A California district court dismissed the case, but the Ninth Circuit Court of Appeals reversed that decision, finding that the service advisors were eligible for overtime compensation, as they did not fall within the meaning of a “salesman, partsman, or mechanic primarily engaged in selling or servicing automobiles.”  The Ninth Circuit rested its decision on a Department of Labor regulation, issued in April 2011, which the Supreme Court later found invalid.

In its first time reviewing the case, instead of determining the issue of whether the service advisors were qualified for the Section 213(b) exemption, the Supreme Court kicked the question back to the Ninth Circuit for reconsideration, instructing the lower court to rule without considering the Department of Labor’s regulation.  Although the Supreme Court side stepped the issue in 2016, Justice Thomas in a dissenting opinion joined by Justice Alito projected how they would resolve the issue, opining that Section 213(b) covered the employees.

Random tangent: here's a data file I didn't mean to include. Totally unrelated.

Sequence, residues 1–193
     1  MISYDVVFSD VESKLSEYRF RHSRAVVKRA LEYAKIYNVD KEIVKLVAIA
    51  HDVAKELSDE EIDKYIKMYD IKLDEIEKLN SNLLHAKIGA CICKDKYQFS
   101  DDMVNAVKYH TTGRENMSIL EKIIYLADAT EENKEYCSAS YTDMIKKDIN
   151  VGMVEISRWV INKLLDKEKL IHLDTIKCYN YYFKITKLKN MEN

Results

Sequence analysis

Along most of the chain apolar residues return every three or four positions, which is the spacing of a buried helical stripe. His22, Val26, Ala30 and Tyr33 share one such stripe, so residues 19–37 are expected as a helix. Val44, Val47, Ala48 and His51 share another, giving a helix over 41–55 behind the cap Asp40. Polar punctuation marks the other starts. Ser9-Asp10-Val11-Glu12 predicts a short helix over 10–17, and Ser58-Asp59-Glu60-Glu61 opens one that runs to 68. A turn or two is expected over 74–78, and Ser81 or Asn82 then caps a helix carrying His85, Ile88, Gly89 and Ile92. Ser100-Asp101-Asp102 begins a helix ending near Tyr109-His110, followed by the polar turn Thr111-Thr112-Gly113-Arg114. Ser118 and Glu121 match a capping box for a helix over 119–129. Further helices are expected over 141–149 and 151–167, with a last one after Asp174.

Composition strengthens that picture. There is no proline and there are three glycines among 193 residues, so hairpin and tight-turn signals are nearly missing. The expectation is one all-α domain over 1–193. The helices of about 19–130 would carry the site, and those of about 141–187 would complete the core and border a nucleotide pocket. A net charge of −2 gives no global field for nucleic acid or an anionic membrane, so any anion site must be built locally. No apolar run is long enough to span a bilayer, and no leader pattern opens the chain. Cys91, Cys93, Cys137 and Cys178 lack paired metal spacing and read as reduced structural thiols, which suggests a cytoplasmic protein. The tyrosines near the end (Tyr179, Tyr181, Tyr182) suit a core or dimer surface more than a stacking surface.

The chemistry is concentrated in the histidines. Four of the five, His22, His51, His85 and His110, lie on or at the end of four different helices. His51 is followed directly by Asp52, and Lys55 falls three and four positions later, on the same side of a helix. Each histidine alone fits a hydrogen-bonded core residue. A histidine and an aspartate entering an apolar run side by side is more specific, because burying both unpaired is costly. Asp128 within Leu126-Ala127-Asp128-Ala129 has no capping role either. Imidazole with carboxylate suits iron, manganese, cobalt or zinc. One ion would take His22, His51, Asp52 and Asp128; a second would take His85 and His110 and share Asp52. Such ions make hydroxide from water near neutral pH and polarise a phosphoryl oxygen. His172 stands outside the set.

After reconsideration, the Ninth Circuit again found that service advisors do not fall with Section 213(b) of the FLSA.  The Ninth Circuit’s ruling is at odds, as it acknowledged, with several other courts, including the Fourth Circuit, Fifth Circuit, and the Supreme Court of Montana.  Given this discrepancy, the Supreme Court will hear the case yet again to hopefully put this topic to rest by issuing a final resolution.

In the meantime, there is a clear ambiguity in how auto dealers should classify employees in service advisor type roles.  Until this case is resolved, auto dealers who wish to classify service advisors as exempt from overtime should consider the applicability of Section 7(i) of the FLSA.  That section provides an overtime exemption applicable to employees who are employed by a retail or service establishment and are paid primarily on a commission basis.